It happened in the frozen food section at my parent’s local supermarket. She could no longer keep up niceties. She was a woman melting down because she just wanted a frozen dessert. Cancer got the best of her while standing in front of the ice cream looking for Neapolitan.
Right there in aisle 5, sat a tragically beautiful woman. I was helpless to give her ice cream, or more time, or any answers about what was happening to her, but I had, in a heartbeat, grown into the daughter who could hold her and bear compassionate witness to the remainder of her life. And that's what I did.
My mother had advanced colon cancer. A surgery performed in an attempt to remove the cancer resulted in the need for a colostomy bag. There would be rounds of radiation treatment and chemotherapy to follow.
The cancer marched on, breaching boundaries and moving into her liver where it would take her life. But not before she could find purpose in cancer by agreeing to be a part of research. She was, as I remember it, part of an early trial group using a chemo-pump. The pump was a 4" x 8" device she wore in a fanny pack around her waist. It connected to a treatment port in her chest. With the pump, her treatment was delivered more slowly with less side effects and it allowed for fewer trips to the cancer center. Cancer also played to her strengths as a natural and gifted teacher. She began volunteering to help other people with colostomy bags learn to take care of themselves.
The way my mother negotiated cancer taught me there is no part of my person or my challenges too awful that it can't be used as a meaningful path to service. I saw I only needed to play to my strengths to face my fears or shortcomings. Anything I’m willing to face becomes a means to be of service.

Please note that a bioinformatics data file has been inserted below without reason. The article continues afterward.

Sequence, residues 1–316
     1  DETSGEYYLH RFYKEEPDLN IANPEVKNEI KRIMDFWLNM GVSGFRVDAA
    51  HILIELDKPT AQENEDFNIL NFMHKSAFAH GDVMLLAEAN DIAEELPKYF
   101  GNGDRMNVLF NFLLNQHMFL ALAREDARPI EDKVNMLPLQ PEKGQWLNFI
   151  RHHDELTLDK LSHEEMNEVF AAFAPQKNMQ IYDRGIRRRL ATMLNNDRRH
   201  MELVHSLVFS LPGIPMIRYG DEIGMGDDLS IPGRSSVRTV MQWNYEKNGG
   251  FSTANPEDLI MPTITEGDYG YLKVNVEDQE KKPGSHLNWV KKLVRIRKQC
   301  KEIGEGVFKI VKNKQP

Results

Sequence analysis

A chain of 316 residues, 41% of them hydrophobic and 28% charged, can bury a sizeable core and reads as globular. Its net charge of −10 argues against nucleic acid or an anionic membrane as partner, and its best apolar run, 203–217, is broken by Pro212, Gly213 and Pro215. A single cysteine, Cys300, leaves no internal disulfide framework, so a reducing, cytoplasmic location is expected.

Before my mother’s diagnosis I had little confidence in myself or anything I did. I repeatedly sabotaged my efforts and opportunities. But from the melt down to her death bed, my mother’s examples saved my life.
Two weeks after laying her to rest, I returned to college at age 32, to complete my undergraduate degree. I went from dropout to graduating magna cum laude. I continued my education to become the first legally blind visual artist to receive an MFA from the University of Michigan.
Every step of the way I used (and still use) challenges and character defects as the compost for my strengths to find ways to grow possibilities I share with others. I created my business, ProNagger, out of my own challenges. I started ProNagger because I know there are people, like me, who have valuable things to offer and can’t get them done and/or out into the world because of some type of emotional paralysis. The same kind of paralysis that once crippled me more than any visual impairment could. Please don’t let anything cripple you too. We need your special kind of goodness in the world.
Rachel Z Cornell
Currently in Michigan, in the United States
PS: While I was writing this email, a friend, the beautifully honest poet, Ilyse Kusnetz passed away. I’m crying as I type this. Her most recent works integrate love and cancer and dying into brilliant poems and prose, because writing was her strength. Her words will resonate in hearts and minds forever.